Landing on South Island
The ferry from Wellington (North Island) to Picton on South Island was late and renting our car took more time than we planned. The drive from Picton to Nelson took Despite driving in darkness we found our cottage on Ruby Bay and unloaded our luggage while listening to the waves crashing on the beach.
While Cindy (my wife) and Kayley (24 year old daughter) began making dinner I went looking for the house where I was to hire a bike for the following day. I met with Steve of HeliBike Nelson who welcomed me into his home, made a few suggestions for rides, and provided the bike.
After a late dinner I hit the sack and arose early to spy a calm Tasman Sea while eating breakfast.
Google Maps guided me from Ruby Bay to the trailhead on Brooks Street in Nelson.
The girls planned to spend the day combing the beach and walking to the local market while I was set to explore the Coppermine Loop, my first ride on South Island.
Leaving Ruby Bay proved difficult the next morning. We wished we had planned more than one day in Nelson but had already reserved an Air B&B place (The Lazy Seal Cottages) down the west coast for the next night.
The West Coast
We reached the Lazy Seal around midday which allowed us to check out an incredible beach and seal sanctuary.
The next day we stopped at Punakaiki to see the famous Pancake Rocks.
From Pancake Rocks we headed to the town of Hokitika to see a real, live Kiwi … New Zealand’s national symbol. They look just like a round, feather duster with a straw attached to their head.
Seeing the Kiwis was difficult as we had to be in a very dark room since the Kiwi’s are nocturnal. We had more fun feeding the eels and trying to catch crawdads. Did you know eels live to be over a hundred years old? They are not ready to mate until they are eighty!
After the the We ate lunch and then drove on to Hans Josef Glacier, a small town named for the massive glacier visible from the parking lot of our hotel.
From Franz Joseph Glacier we drove down the coast a ways further then cut through the coastal mountain range to stay in Arrowtown, a small town formed after gold was discovered in the Arrow River in 1862. Arrowtown still boasts 70 structures which remain from the 1800’s.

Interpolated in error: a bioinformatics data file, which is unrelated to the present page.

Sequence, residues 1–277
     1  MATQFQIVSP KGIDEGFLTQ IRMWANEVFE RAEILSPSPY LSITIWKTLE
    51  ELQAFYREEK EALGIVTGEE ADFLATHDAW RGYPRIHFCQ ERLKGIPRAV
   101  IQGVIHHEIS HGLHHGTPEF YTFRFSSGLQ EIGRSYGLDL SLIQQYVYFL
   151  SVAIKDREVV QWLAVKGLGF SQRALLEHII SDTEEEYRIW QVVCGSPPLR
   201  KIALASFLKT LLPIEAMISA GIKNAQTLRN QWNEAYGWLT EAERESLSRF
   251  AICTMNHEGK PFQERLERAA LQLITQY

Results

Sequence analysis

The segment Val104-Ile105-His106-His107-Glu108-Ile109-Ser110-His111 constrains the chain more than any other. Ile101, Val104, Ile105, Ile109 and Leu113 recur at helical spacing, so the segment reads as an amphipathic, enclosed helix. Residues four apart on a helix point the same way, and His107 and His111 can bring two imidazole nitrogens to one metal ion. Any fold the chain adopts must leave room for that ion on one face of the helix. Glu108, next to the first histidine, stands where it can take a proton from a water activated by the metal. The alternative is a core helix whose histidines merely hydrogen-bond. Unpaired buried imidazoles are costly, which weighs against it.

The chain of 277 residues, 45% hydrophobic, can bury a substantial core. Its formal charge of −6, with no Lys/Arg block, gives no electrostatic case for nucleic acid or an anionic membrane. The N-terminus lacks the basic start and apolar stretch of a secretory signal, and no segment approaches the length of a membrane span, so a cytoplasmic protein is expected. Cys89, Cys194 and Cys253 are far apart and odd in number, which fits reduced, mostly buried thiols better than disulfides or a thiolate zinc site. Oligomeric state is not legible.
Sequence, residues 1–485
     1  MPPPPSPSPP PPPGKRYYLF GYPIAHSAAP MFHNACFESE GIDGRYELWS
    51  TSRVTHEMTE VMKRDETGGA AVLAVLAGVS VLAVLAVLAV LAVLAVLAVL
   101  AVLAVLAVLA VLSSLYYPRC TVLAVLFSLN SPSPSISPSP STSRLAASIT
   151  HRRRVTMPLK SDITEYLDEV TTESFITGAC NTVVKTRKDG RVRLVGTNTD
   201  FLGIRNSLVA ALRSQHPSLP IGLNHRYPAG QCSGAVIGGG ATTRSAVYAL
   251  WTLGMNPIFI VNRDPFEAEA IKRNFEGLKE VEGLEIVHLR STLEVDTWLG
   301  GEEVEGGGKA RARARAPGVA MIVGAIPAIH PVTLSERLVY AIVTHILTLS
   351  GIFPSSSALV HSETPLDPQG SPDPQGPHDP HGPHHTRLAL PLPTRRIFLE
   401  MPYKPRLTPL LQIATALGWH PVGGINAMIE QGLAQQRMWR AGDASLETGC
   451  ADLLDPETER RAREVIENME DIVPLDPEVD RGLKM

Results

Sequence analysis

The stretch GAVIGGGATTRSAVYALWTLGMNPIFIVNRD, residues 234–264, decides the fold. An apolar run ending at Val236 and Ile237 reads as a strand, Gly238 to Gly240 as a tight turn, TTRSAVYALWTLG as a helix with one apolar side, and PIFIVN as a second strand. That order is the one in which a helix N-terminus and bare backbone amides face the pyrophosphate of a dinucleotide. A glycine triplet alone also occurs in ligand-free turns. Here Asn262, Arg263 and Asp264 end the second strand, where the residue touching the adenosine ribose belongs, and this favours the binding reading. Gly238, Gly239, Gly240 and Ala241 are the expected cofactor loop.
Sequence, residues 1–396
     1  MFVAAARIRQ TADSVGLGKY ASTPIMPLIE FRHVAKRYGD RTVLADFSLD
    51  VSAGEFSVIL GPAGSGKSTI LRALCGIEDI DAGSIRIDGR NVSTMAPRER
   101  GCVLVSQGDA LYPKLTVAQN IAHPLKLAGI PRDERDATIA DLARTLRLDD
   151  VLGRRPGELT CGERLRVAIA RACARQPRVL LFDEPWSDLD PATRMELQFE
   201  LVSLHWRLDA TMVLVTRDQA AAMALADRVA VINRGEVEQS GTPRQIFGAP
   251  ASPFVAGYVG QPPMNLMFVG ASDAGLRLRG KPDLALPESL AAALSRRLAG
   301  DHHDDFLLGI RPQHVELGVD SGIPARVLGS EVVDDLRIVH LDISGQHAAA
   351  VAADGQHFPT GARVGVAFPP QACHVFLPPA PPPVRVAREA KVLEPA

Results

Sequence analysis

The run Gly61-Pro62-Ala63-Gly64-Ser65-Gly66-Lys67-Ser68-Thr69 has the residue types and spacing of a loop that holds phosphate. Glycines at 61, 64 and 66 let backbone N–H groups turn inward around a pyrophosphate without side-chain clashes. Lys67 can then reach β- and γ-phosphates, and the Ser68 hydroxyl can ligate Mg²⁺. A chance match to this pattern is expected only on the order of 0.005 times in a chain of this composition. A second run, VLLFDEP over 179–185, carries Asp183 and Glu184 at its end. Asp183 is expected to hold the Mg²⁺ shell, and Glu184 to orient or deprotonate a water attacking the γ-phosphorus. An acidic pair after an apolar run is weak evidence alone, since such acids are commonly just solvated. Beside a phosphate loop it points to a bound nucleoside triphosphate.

A sign told me the only river to produce more gold in the entire world was the Yukon (near Alaska). I will tell more about this when I get to my post for my Arrowrtown to Macetown Ride.
All three of us decided to take the hike along Bush Creek, which turned out to be over ten miles! We barely make it back to our Air B&B place before dark. And I got to do the same hike at daybreak the next morning as I had dropped my sweat pants on the trail with the keys to the B&B in the pocket!
After dropping Kayley at the Queenstown Airport (shad to fly back to go to work) Cindy and I rented a hotel room right on the end of the main drag in Queenstown.
The city of Queenstown offers every type of thrill seeking activity possible. For a fee you can jet boat, jet ski, bungee jump, hang glide, parachute, and take various types of boat, helicopter, four wheel drive, motorcycle, bike, and bus tours. Of course, mountain biking is big in Queenstown … for mountain biking in Queenstown was my main motivation for visiting New Zealand.
After consulting some of the fellows at the local bike shops I decided to make my first Queensland ride in Seven Mile Park.
Heaps more to come … check back later!